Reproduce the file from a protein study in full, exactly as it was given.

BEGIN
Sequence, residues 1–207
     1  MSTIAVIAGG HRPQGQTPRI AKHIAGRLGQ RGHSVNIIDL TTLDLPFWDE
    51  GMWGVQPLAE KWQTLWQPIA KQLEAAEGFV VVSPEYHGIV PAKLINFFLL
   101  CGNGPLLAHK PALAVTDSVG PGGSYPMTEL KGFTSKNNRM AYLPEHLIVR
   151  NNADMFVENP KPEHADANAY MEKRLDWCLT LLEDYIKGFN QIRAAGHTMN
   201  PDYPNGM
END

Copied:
Sequence, residues 1–207
     1  MSTIAVIAGG HRPQGQTPRI AKHIAGRLGQ RGHSVNIIDL TTLDLPFWDE
    51  GMWGVQPLAE KWQTLWQPIA KQLEAAEGFV VVSPEYHGIV PAKLINFFLL
   101  CGNGPLLAHK PALAVTDSVG PGGSYPMTEL KGFTSKNNRM AYLPEHLIVR
   151  NNADMFVENP KPEHADANAY MEKRLDWCLT LLEDYIKGFN QIRAAGHTMN
   201  PDYPNGM